Education and awareness about common phishing tactics (like spear phishing, vishing, or typosquatting) can prepare individuals to recognize and avoid these threats. Knowing the mechanisms of URL phishing helps recognize the subtle signs of a phishing attempt, such as misleading URLs or urgent language in an email. Training within companies is particularly important, as an employee’s compromised credentials could affect numerous customers.

How to report phishing URLs

If you’ve discovered a phishing site, there are ways you can report it to have the page blacklisted or taken down:

1. Report the company being impersonated

If the phishing attempt impersonates a specific company, report it directly to them. Most companies have a dedicated email address for reporting phishing (e.g., phishing@company.com).

2. Report the site on your browser

You can also report the phishing site on Google Chrome using Safebrowsing on Google. If you’re a Microsoft Edge user, head to Settings and report the page for phishing. Reporting a suspected phishing site alerts the browser’s security team. This will allow them to quickly assess and take action, such as blacklisting the site, which prevents other users from accessing it and falling victim to potential threats.

3. Report it to an antivirus or anti-malware service

If you use antivirus or anti-malware software, they might have options to report malicious websites.

4. Report it to your email or messaging service providers

If you received the phishing URL via email, report it as phishing within your email service. For example, Gmail has a ‘Report phishing’ option in the drop-down menu of the email. Popular messaging services like Telegram and WhatsApp will also allow you to report a message for phishing and block the sender.

5. Report to government or cybersecurity organizations

In many countries, government agencies or cybersecurity organizations accept reports of phishing. In the U.S., you can report phishing emails to the Anti-Phishing Working Group at reportphishing@apwg.org and to the FTC at ftc.gov/complaint.

For the UK, you can forward phishing emails to the National Cyber Security Centre at report@phishing.gov.uk.

How do I know if a URL is safe?

1. Check for HTTPs

Look for “https://” at the beginning of the URL. This indicates that the site uses encryption to protect data transmission, which is essential for security, especially on pages where you enter personal or financial information.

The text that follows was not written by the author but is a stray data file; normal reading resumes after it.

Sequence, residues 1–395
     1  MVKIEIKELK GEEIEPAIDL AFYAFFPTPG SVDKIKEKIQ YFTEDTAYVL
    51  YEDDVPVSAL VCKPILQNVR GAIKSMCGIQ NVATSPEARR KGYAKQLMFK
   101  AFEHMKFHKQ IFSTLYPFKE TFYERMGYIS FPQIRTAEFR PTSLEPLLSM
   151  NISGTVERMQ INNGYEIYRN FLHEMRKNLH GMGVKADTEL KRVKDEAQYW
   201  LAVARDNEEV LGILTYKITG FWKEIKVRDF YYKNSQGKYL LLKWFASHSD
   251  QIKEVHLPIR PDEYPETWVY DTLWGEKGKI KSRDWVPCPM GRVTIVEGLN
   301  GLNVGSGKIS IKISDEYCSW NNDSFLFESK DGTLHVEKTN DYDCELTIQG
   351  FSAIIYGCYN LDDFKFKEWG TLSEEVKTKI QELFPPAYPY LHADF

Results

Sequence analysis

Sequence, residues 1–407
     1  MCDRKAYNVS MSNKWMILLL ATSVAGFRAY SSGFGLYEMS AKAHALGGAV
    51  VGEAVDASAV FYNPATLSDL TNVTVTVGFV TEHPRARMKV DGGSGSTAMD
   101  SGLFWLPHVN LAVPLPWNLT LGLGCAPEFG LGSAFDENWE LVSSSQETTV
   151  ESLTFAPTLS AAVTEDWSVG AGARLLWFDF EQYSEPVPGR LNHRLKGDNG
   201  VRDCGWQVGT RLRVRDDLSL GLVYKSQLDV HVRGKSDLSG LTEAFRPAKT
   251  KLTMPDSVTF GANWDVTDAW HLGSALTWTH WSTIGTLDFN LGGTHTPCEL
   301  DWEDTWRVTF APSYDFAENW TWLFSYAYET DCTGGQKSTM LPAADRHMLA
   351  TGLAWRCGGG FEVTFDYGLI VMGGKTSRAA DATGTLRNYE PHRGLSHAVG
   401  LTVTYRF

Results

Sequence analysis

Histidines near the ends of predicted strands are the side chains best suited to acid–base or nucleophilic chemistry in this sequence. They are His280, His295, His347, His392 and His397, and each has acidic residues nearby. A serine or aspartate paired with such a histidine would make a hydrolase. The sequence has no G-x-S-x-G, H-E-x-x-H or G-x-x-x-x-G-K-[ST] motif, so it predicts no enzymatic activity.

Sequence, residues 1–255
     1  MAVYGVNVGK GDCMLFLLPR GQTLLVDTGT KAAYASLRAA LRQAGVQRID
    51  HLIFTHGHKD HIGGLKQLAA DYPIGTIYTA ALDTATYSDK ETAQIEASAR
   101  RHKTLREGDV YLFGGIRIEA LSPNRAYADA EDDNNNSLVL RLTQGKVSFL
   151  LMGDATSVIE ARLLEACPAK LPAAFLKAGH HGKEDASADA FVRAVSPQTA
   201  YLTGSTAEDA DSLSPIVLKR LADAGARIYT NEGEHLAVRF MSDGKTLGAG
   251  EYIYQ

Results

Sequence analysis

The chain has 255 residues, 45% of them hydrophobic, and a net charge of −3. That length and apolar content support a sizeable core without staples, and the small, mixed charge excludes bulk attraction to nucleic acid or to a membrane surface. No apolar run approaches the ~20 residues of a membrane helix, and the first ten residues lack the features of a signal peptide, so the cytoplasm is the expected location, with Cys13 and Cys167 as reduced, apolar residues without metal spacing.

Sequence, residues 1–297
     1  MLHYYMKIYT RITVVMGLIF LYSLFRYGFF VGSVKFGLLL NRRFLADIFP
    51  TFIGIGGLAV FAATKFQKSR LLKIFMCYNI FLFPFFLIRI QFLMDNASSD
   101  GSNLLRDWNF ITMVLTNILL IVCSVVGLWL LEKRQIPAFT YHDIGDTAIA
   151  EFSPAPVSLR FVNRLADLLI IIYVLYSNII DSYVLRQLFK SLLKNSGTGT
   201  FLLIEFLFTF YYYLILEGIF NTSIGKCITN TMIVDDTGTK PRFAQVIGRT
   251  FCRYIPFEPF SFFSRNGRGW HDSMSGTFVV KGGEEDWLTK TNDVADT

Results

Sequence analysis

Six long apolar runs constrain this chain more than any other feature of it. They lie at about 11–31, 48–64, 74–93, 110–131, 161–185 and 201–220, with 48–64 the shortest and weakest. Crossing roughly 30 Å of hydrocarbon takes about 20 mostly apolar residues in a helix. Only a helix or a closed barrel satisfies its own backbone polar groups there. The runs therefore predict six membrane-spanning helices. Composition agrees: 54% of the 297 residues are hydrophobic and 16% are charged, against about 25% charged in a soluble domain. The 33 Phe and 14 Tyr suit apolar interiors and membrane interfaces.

2. Look for misspellings

Look out for misspellings, character substitutions (like ‘0’ instead of ‘o’), or unusual domain extensions in the URL. Phishers often create URLs that closely mimic legitimate ones to trick users.

3. Hover over links before clicking

If you’ve received an email with a suspicious link, hover over the link (without clicking) to see if the URL matches what is displayed. Doing so could tell you a lot about whether a link is legitimate.

4. Confirm short links before clicking

You should also look out for shortened links from sites like bit.ly or tinyurl. While not every shortened link is bad, they can hide the real destination of the page you’re going to, which is something scammers might use. Before clicking on a shortened link, use a URL expander service to reveal the full URL before clicking.

5. Verify with reviews or reports

There are various online services where you can enter a URL to analyze its safety. Examples include Google’s Safe Browsing Transparency Report, Norton Safe Web, and VirusTotal. You could also use online tools to check the domain’s age. New domains are often used maliciously, while older and established domains are generally more trustworthy.

6. Use your browser’s safety features

Modern browsers have built-in safety features that warn you about suspicious or dangerous sites. Ensure these features are enabled to keep yourself safe from suspicious links.

FAQ: About URL phishing

What happens if I click on a phishing link?
What can phishing links do?
How do I remove a URL phishing attack?